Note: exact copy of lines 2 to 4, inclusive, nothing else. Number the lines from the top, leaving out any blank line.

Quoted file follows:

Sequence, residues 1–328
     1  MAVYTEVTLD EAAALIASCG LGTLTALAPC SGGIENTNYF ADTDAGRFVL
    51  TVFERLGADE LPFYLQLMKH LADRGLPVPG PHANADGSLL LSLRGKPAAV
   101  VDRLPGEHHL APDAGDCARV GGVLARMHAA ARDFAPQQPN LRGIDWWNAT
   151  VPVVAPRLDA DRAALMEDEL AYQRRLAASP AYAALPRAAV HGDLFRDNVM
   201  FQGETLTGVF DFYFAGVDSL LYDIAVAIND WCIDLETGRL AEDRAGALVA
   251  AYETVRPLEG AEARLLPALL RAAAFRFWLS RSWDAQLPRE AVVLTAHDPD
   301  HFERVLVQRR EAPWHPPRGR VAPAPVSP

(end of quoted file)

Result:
     1  MAVYTEVTLD EAAALIASCG LGTLTALAPC SGGIENTNYF ADTDAGRFVL
    51  TVFERLGADE LPFYLQLMKH LADRGLPVPG PHANADGSLL LSLRGKPAAV
   101  VDRLPGEHHL APDAGDCARV GGVLARMHAA ARDFAPQQPN LRGIDWWNAT